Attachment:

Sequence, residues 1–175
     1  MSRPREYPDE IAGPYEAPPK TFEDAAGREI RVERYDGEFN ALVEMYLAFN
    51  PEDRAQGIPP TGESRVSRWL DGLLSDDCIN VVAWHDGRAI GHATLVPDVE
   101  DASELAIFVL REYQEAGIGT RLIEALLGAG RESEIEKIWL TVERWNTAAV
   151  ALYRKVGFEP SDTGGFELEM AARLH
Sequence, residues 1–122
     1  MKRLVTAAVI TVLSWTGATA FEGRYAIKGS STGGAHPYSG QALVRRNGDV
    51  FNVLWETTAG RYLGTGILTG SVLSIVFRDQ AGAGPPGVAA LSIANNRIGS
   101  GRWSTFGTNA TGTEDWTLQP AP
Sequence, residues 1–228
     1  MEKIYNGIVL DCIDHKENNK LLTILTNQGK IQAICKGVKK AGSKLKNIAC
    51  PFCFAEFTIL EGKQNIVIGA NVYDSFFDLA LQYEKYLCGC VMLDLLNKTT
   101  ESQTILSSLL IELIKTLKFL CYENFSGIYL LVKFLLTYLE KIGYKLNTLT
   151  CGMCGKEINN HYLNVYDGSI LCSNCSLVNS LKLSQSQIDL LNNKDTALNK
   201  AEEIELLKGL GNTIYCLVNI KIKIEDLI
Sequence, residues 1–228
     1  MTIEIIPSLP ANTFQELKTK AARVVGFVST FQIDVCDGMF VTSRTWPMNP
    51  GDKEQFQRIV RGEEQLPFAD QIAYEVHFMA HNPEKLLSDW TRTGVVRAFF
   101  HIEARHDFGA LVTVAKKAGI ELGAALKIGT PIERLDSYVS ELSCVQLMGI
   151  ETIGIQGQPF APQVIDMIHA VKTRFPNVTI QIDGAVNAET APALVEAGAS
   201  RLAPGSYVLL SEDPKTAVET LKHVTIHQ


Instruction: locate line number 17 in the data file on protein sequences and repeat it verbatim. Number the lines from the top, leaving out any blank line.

     1  MTIEIIPSLP ANTFQELKTK AARVVGFVST FQIDVCDGMF VTSRTWPMNP